At a glance

“The reported prevalence of mental illness in rural and remote Australia appears similar to that of major cities. However, access to mental health services is substantially more limited than in major cities. Tragically, rates of self-harm and suicide increase with remoteness. (National Rural Health Alliance Inc)

When providing mental health support to a person living in a rural or remote location it is important to consider:

  • people in rural and remote areas generally have greater difficulty accessing the full range of services. It may take someone significantly longer to access support services, and they may have to travel a long way to do so
  • generally suicide and self-harm rates in remote and rural Australia are higher than those in major cities
  • people in rural and remote areas may experience different types of issues to people in the major cities. For example problems with isolation, access to transport, as well as experiencing environmental adversities such as drought, fire, and flood
  • some people may also be more fearful about seeking help with their mental health condition, particularly in smaller communities where people know each other, and there is limited choice for services
  • people in rural and remote areas may be unaware of the range of services that are available or how they can access them
  • some people may not be able to access telehealth or video health services due to problems accessing computers, reliable telephone and internet connections
  • people in rural and remote areas may prefer to receive fact sheets or printed information to take home and review before they feel comfortable talking to someone.

… there are a range of mental health services that can be accessed by people in rural areas on-line or over the phone, including information, counselling and programs.

- A person with lived experience of a mental health condition

 

When supporting someone in a rural or remote location, the most important thing is to see them as a person first, with their individual beliefs, culture and goals, while also understanding the context of their location.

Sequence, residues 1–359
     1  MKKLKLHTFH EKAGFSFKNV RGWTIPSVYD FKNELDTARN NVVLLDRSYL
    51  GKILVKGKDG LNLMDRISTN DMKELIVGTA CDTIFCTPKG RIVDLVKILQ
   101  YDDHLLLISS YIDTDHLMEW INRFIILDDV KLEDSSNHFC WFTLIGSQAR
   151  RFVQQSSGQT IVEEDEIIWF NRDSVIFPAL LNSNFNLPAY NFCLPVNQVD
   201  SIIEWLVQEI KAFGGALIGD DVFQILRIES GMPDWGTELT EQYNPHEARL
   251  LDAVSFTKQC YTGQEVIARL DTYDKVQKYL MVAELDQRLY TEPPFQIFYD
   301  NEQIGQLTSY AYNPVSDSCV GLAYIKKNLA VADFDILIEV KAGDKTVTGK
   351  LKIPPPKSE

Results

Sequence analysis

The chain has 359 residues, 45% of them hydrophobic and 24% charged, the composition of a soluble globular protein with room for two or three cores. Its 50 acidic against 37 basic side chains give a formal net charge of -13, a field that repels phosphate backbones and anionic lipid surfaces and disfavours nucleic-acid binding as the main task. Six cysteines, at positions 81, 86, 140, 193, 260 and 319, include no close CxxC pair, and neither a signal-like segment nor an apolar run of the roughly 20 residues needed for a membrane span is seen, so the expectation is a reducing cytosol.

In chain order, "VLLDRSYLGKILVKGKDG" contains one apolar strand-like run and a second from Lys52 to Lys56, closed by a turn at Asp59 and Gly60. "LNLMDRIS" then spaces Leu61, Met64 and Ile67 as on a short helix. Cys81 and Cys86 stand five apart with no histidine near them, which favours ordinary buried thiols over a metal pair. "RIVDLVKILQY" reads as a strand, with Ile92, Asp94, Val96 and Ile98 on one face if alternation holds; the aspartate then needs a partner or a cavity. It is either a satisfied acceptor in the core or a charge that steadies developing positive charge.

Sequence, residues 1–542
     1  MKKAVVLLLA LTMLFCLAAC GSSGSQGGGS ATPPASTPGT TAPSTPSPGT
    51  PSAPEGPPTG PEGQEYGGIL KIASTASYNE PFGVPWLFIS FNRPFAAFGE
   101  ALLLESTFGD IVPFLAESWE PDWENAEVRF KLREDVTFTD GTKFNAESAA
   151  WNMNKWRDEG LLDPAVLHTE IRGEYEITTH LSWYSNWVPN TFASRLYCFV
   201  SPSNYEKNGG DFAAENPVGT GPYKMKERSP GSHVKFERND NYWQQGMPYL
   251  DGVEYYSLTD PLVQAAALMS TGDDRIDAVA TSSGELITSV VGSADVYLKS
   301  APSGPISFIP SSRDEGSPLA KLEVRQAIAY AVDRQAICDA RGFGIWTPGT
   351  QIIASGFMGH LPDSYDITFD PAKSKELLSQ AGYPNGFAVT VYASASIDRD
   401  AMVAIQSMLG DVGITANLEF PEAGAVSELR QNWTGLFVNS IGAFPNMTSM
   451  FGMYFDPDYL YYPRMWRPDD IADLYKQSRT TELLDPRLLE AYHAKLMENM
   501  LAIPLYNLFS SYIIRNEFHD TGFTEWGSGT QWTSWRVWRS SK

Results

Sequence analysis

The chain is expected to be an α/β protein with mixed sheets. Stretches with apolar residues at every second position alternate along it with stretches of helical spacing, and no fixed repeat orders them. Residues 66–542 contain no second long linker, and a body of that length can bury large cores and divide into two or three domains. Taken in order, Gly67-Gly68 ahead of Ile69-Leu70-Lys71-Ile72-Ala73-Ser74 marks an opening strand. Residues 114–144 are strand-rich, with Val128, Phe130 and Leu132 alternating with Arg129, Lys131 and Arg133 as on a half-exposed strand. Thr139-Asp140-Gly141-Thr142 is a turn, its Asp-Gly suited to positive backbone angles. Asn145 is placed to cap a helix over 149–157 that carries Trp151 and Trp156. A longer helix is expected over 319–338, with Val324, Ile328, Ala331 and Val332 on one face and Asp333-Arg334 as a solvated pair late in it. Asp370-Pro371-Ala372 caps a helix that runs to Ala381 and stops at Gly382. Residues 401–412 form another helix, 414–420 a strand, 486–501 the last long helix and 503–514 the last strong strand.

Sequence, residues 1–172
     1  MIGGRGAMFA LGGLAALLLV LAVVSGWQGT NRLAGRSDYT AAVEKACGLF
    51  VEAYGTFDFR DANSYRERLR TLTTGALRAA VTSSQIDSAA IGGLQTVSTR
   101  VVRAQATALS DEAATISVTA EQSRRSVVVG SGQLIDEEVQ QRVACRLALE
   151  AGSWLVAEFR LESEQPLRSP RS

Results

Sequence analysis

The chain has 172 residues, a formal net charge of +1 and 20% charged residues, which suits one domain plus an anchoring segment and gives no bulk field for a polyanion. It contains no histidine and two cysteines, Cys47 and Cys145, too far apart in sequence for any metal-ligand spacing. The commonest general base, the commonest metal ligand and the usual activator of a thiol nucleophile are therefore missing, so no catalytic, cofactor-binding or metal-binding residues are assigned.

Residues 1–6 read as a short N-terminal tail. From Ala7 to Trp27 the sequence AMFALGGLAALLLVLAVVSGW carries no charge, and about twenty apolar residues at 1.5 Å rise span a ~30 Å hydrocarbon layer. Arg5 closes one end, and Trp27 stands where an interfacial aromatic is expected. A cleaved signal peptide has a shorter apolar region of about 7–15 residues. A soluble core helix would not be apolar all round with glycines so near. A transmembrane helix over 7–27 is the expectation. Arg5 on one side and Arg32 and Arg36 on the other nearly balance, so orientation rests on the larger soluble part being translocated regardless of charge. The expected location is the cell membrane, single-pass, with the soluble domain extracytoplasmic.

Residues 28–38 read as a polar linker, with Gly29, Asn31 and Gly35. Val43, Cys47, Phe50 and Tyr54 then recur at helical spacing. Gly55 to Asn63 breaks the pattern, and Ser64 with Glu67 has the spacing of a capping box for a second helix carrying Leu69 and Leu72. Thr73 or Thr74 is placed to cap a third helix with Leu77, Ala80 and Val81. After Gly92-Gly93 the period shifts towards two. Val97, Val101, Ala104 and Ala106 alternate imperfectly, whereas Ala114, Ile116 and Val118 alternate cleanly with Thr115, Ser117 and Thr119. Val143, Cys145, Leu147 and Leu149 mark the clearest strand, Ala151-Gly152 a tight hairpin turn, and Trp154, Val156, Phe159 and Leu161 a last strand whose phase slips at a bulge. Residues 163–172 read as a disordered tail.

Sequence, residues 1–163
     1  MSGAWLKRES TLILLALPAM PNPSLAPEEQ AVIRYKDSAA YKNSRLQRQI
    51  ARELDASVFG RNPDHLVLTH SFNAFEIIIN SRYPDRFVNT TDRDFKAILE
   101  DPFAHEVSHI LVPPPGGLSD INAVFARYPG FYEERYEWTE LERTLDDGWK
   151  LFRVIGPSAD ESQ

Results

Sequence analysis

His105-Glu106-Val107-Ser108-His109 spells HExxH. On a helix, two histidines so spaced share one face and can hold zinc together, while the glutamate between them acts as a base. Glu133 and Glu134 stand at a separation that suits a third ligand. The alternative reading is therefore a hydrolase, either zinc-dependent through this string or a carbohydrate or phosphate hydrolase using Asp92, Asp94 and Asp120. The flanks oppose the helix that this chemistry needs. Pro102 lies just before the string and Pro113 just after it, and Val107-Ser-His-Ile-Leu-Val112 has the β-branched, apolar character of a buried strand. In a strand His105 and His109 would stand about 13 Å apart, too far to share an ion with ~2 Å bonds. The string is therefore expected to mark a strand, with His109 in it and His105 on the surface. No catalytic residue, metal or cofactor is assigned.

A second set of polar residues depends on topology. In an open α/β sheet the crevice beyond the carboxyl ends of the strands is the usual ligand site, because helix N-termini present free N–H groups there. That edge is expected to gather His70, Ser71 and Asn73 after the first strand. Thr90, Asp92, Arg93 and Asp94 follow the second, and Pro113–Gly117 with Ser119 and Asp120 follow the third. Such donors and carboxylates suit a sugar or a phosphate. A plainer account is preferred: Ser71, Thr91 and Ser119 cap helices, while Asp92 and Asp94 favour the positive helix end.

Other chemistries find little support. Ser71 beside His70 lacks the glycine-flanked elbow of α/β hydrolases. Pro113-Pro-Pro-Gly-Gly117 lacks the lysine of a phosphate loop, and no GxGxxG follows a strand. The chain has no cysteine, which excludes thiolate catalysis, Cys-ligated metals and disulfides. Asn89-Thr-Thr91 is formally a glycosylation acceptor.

Your support should include:

  • a recovery-oriented approach: focussing on the person and their strengths, and not the condition
  • a holistic approach: considering physical, psychological, social and spiritual wellbeing
  • a person-centred approach: planning and decisions are driven by the person and their needs, interests and goals
  • a trauma-informed approach: providing support in a way that shows knowledge and understanding of how trauma affects people’s lives and service needs
  • empowerment: encouraging people to take control of their lives, and where appropriate, connect with their community.

Each person in a rural or remote location will be different. It is important to avoid stereotyping such as “all country people are down to earth”. Listen, ask and clarify, and build trust by being respectful, reliable and honest.

Resources

Rural Adversity Mental Health Program
This web page provides information about this statewide program that links rural people to the help they need. The program is managed by the Centre for Rural and Remote Mental Health, in partnership with each of the rural NSW Local Health Districts.
Type: Web page
Estimated reading time: 5 minutes
Produced by: University of Newcastle

Rural Mental Health
This fact sheet provides an overview of rural mental health issues and ways to access help.
Type: Fact Sheet
Estimated reading time: 5 minutes
Produced by: Lifeline

Supporting yourself - rural and remote people
This website has links to resources and suggests ways to access support.
Type: Website
Estimated reading time: 5 minutes
Produced by: Head to Health

Mental health helplines
This web page provides links to a range of mental health helplines.
Type: Web page
Estimated reading time: 5 Minutes
Produced by: Health Direct

Let’s talk mental health phone services
This fact sheet provides contact information for a range of services available over the phone.
Type: Fact Sheet
Length: 2 pages
Produced by: Centre for Rural and Remote Health

Let’s talk where to find help for mental health concerns
This fact sheet lists tips for having a conversation with someone you are concerned about. It also suggests ways to find help for mental health concerns.
Type: Fact Sheet
Length: 4 pages
Produced by: Centre for Rural and Remote Health

Current as at: Monday 20 January 2020
Contact page owner: Mental Health Branch